Could you share a quote from DEAD MAN'S DRIVE?
“Goddamn it,” Roscoe muttered. “That jukebox is stopping me from listening in.” He touched his ear and then smiled to himself. He had an idea. “Say Angel,” he said. “I know you never go anywhere without a pair of switchblades. Give me a shiv, will you?”
Angel pulled out the switchblade and snapped it open. “What exactly you need it for, man?”
Roscoe gripped his ear and raised the blade. He slashed it down and started cutting. Putting the blade through the tough flesh caused sharp pain to race through his body and reach what was left of his brain. He winced, but kept pushing the knife down. Angel watched in mute horror until Roscoe finished and his severed ear fell limply to the table. Roscoe grinned and handed back the knife to Angel.
“I was right,” Angel said. “You have gone nuts.”
“I can sew it back on―don't worry.” Roscoe gripped the ear and then knelt down. It was strange to have the ear off and to hear his voice from two angles at once. It sounded like there was another Roscoe, speaking somewhere above him. “And it's not like it hurts my good looks any.”
“I thought hearing comes from those holes on the side of your head–not the ear itself.”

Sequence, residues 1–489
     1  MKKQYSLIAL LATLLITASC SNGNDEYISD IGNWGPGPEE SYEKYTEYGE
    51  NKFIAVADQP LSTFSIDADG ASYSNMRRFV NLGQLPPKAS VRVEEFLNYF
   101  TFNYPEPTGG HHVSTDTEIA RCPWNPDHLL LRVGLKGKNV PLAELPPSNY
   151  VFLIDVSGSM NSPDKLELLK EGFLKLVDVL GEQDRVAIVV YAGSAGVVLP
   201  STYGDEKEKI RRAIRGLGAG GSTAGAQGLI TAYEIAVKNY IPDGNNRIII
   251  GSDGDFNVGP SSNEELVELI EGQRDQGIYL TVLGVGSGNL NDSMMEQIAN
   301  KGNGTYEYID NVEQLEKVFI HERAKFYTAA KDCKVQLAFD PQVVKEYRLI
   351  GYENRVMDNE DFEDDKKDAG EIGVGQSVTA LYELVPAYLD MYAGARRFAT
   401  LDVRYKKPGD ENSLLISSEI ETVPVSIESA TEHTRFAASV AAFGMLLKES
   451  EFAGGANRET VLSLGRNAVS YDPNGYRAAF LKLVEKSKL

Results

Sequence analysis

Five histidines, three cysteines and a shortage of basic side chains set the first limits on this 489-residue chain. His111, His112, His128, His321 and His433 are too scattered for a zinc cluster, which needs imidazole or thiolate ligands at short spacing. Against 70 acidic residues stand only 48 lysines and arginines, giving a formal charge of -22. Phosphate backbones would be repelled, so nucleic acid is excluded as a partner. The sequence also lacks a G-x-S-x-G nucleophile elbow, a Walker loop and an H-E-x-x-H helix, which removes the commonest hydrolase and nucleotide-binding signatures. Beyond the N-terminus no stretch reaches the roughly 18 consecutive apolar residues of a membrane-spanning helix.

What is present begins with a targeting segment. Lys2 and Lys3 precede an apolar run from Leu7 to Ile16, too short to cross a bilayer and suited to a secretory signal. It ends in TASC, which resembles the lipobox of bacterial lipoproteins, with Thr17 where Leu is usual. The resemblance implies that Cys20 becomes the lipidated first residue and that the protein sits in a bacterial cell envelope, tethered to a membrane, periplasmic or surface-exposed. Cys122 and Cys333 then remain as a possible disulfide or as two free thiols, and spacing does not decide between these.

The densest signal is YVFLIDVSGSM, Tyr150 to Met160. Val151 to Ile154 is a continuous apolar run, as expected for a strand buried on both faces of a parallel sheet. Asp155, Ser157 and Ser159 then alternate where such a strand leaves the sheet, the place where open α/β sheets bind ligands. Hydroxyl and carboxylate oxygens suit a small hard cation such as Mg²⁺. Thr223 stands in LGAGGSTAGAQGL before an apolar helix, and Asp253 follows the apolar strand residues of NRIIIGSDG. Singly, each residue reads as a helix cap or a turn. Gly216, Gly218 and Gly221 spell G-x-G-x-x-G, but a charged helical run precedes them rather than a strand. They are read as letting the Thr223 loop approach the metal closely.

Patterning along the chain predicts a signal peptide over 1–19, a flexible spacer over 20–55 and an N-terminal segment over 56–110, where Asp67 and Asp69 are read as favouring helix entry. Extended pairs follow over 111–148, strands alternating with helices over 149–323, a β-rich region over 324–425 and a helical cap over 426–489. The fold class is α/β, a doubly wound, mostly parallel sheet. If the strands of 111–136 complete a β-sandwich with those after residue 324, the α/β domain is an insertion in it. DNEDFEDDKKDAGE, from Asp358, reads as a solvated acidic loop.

“It's called magic.” Roscoe wiggled the severed ear in Angel's direction. “It doesn't have to make sense.”
Then he tossed the ear across the bar. It was a light, underhanded throw. The ear landed under the table where Torrance and Mr. Roach were talking. Nobody noticed. Roscoe sat back up, covered the ear remaining on his head and did his best to listen.
What are you working on next?
My next project from CQ is El Mosaico, Volume 3: Hellfire. Like all El Mosaico stories, it's a standalone adventure about Clayton Cane – an Old West gunslinger and bounty hunter who was built from pieces of dead bodies, sewn together and animated with black magic. In this novel, Cane becomes the sheriff of a strange Texas town as he tries to leave his violent bounty hunting ways behind. It's a great read and I urge everyone to check it out!
Thanks for sharing with us, Michael. He's got such a great imagination!
What are you celebrating? Have a great weekend & Happy St. Patty's Day!